In practice it’s arguable that this isn’t a very helpful categorisation, although it does highlight the fairly subtle point that in practice it’s very difficult to run a ‘cost first’ focus in the same organisation and culture as a high-end differentiator. The mind-set is very different, as illustrated above. But all the firms in a given industry, even the ‘cost leaders’, are really selecting a given product and service positioning that they believe to be attractive to a target customer base, and delivering that proposition for the lowest cost they can. Even the idea of differentiation can become a little blurred. Ryanair for example is the clear absolute general cost leader in European civil aviation. Nevertheless it has an on-time performance which is amongst the best in the industry, a consequence of its approach to aircraft utilisation. Arguably, that’s a differentiator, but of course it doesn’t come at the expense of compromising the cost leadership position. Conversely, there are limits to how far it can push cost leadership if it ends up with a product which is unattractive at any price.
But in any case, cost leadership is not the same thing as cost advantage, which is what Porter is really addressing in detail in his work.
Being ‘stuck in the middle’ occurs when a firm tries to develop a cost advantage that is incompatible with its differentiation position (and thus compromises it), or when it tries to develop a degree of differentiation which is incompatible with its cost positioning (and thus compromises it). (This is not the same as selecting a differentiation/cost position which is not valued by customers in comparison to rival offerings, although both are equally problematic of course.)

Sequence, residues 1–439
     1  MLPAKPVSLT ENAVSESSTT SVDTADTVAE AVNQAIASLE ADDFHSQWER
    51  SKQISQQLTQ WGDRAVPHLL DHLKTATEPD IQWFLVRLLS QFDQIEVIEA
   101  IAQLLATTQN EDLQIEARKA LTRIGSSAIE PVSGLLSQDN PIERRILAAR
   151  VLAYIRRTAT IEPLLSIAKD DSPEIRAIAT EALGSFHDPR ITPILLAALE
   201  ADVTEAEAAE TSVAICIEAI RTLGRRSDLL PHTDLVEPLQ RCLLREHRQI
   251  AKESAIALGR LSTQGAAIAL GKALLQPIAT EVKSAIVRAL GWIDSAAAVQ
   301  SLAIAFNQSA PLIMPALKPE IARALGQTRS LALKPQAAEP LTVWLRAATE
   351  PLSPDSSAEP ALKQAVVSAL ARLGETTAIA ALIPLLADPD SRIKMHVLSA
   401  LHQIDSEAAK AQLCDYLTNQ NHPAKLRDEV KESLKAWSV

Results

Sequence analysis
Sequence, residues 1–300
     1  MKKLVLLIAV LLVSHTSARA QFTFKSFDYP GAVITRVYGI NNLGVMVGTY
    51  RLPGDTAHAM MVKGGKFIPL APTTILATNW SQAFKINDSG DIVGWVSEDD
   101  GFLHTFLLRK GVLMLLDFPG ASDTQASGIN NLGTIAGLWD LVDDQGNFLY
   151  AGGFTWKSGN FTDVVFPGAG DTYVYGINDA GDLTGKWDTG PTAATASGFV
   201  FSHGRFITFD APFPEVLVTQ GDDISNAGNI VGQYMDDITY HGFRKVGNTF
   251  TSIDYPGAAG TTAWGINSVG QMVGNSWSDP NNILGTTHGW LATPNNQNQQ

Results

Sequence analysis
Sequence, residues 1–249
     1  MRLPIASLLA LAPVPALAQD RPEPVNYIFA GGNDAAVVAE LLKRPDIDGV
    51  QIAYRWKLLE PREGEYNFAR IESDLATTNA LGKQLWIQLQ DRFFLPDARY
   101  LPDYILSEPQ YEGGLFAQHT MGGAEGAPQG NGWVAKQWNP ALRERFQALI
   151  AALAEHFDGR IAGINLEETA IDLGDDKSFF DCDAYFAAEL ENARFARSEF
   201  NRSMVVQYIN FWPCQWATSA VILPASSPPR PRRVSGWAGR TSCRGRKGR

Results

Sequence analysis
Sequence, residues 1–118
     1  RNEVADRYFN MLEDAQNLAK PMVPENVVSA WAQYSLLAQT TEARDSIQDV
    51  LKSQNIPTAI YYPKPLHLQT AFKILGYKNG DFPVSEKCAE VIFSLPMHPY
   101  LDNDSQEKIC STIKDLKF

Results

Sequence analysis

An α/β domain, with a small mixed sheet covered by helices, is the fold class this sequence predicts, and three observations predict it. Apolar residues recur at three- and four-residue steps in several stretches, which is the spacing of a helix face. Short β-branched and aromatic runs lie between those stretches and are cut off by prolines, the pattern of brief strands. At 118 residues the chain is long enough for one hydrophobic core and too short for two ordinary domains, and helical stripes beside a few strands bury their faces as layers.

Generic strategies as such are not fundamental to Porter’s thesis, and the issue becomes much clearer when we analyse the value system in detail, with whatever tool we prefer to use. Porter variously suggested his ‘value chain’ and ‘activity map’ models to help do this. It’s possible to criticise the value chain formulation in particular, for being too manufacturing-biased, but his fundamental idea wasn’t wedded to a specific model. His point was that “a systematic way of understanding all the activities a firm performs and how they interact” is necessary for analysing the sources of competitive advantage. What we see for a firm ‘caught in the middle’ is fundamental inconsistencies between key strategic conditions (potentially including the ‘softer’, cultural ones.) In contrast, a firm with a strong position can be seen in a network of activities, conditions and resources which are not only consistent but which mutually reinforce each other.
Alfred North Whitehead famously wrote that “the safest general characterization of the European philosophical tradition is that it consists of a series of footnotes to Plato.” The safest general characterisation of the evolution of corporate strategy over the last thirty years is that it consists of a series of footnotes to Porter.